Complaint Denied.

auDA have replied to the complaint made by RIA (Rottnest Island Authority) and their lawyer Iain Freeman from Lavan and have denied the complaint to delete the domain name and acknowledge it is a “geographic locale” that may be used by a “range of entities”.

Most notably, Steph Viljoen (auDA Compliance Manager) stated:

The initial finding where based on the complainant having trademarks…”

[for Rottnest Island logos and images found at IP Australia]

“The decision was based on:

On a breach of Schedule C, 3b (for and Schedule D, 3b (for of the Domain Name Eligibility and Allocation Policy Rules for the Open 2LDs ( which both state that a domain name which is, or incorporates, an entity name, personal name or brand name in existence at the time of the registration cannot be monetised.

Upon internal review, it was found that the trademarks (as mentioned above) were not an exact match for the domain name

The auDA Compliance Manager goes on to state:

“The domain monetisation test under paragraphs 11.3 and 11.4 of the Guidelines on the Interpretation of Policy Rules for the Open 2LDs (2012-05) states that the registrant must satisfy both limbs of the domain monetisation test:

(1)   the content of the website to which the domain name resolves must be related specifically and predominantly to subject matter denoted by the domain name; and

(2)   the domain name must not be, or incorporate, an entity name, personal name or brand name in existence at the time the domain name was registered.

In determining whether a registrant breaches the second limb, auDA will take into consideration whether the domain name is a generic word or may have an alternative meaning which is not related to a specific entity, person or brand. 

The domain contains website content and links that relate specifically and predominantly to the subject matter of the domain name Rottnest Island. It satisfies the first limb.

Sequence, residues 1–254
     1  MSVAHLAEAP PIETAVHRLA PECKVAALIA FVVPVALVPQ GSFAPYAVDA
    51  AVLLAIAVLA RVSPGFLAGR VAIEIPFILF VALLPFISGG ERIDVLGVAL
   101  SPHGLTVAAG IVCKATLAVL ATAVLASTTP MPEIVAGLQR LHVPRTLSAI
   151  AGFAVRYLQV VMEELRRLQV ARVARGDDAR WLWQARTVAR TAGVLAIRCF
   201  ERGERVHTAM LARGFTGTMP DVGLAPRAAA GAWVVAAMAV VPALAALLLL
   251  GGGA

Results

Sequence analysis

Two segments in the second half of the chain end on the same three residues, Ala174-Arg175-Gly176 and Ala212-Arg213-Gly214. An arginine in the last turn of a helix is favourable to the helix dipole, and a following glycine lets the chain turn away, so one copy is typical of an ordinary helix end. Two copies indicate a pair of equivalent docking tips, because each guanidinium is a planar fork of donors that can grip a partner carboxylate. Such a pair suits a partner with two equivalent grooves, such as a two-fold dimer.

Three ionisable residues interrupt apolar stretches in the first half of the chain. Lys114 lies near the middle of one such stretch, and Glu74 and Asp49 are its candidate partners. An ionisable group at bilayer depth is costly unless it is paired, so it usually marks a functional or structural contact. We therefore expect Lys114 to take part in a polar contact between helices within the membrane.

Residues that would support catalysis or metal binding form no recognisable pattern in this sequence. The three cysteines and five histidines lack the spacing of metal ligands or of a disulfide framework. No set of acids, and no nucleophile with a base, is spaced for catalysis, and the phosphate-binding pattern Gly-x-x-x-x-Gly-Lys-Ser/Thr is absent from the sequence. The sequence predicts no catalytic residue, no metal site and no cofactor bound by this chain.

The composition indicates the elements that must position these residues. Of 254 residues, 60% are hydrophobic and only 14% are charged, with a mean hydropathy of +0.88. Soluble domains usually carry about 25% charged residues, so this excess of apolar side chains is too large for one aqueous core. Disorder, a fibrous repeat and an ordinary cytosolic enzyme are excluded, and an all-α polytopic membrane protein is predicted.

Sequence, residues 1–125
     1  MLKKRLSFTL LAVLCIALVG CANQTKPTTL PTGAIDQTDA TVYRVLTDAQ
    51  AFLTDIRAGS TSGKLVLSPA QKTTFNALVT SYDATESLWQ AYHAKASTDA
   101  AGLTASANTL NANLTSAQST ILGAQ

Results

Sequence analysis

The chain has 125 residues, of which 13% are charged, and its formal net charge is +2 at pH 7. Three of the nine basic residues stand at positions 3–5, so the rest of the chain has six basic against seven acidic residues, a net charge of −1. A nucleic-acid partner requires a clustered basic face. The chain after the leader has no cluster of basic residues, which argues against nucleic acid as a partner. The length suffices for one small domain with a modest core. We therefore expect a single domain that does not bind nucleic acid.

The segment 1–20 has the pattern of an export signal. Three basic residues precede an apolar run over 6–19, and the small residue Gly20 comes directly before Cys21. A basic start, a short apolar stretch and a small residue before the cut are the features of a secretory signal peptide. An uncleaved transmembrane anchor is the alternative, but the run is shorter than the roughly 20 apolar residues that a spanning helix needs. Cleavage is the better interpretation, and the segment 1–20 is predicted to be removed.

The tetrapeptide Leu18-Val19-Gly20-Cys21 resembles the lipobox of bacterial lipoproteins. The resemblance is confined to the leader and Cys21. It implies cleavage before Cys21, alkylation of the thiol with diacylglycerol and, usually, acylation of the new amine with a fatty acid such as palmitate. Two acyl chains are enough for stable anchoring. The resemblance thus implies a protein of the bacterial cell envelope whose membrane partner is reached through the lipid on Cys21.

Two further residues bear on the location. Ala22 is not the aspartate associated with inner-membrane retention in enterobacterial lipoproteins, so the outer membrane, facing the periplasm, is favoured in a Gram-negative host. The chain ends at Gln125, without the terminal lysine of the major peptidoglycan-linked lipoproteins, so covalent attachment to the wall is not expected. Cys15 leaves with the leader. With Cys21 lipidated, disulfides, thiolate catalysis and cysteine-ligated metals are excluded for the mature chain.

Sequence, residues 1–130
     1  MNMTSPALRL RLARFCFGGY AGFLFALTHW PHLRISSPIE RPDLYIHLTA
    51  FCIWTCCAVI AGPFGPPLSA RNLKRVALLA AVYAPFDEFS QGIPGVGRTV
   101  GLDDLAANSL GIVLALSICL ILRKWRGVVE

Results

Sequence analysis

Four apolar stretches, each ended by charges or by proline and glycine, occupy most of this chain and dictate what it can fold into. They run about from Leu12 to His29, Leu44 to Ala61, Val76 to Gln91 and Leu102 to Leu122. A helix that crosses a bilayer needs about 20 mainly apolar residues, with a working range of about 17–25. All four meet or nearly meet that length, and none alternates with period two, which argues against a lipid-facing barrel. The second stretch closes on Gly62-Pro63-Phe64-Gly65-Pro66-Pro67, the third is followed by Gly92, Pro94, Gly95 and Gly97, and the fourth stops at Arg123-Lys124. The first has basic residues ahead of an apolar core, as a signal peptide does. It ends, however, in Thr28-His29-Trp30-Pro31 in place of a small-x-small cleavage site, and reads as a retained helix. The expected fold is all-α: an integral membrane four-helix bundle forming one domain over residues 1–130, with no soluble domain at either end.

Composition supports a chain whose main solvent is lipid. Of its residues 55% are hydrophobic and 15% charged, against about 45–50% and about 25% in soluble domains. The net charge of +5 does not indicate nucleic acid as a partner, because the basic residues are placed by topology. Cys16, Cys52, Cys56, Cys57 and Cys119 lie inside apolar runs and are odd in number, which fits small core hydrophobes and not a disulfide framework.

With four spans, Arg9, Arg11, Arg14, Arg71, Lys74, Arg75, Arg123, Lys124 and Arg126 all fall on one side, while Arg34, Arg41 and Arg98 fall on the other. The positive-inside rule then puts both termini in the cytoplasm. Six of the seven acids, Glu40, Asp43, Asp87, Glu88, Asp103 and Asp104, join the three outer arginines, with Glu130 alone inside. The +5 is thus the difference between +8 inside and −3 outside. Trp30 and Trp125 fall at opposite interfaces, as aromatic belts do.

In relation to the second limb, there is no evidence that the domain name incorporates or encompasses an entity name, personal name or brand name in existence at the time. The current trademarks are not an exact match and the name is a geographic locale in Australia, which may be used by a range of entities operating out of or providing services to the Island or information about the Island. It therefore has an alternative meaning which is not related to a specific entity, brand or person.  The registrant satisfies limb 2.

Taking this into account I am setting aside the initial finding and denying the complaint.

6 thoughts on “ Complaint Denied.

  • February 15, 2020 at 10:42 am

    Let it be a lesson to all wishful thinking end users. Unless your name is distinctive / an invented word (eg. ‘Google’, ‘Winc’) don’t think you have any greater right to the matching domain name than anybody else.

    There is no hierarchy of rights to domain names. First in, first served.

    The lawyer, who claims to specialise in IP law, now has to explain the boo-boo to his client and talk them into paying 6 figures for the domain if they really want it, because they don’t have any hope of getting it for less that’s for sure.

    5 people like this.
  • February 15, 2020 at 11:05 am

    PS. Rob, I think you should share this article on Facebook that way all boomers can get the memo

    4 people like this.
    • February 16, 2020 at 11:47 pm


  • February 15, 2020 at 11:52 am

    Congrats Rob.👍😎

    Great outcome for yourself and all domain investors who have wannabe domain thieves trying to take what does not belong to them.

    Pay up, or shut up!

    Anonymous likes this.
    • February 15, 2020 at 8:47 pm

      I wonder how many domains end up deleted because of hasty/wrong decisions by auDA staff. A lot of people wouldn’t have the knowledge or resources to fight it.

      Reminds me of the Boardman days where every auDA decision subsequently appealed to the review panel was overturned.

      3 people like this.
  • February 15, 2020 at 12:20 pm

    What a fail

    Anonymous likes this.

Comments are closed.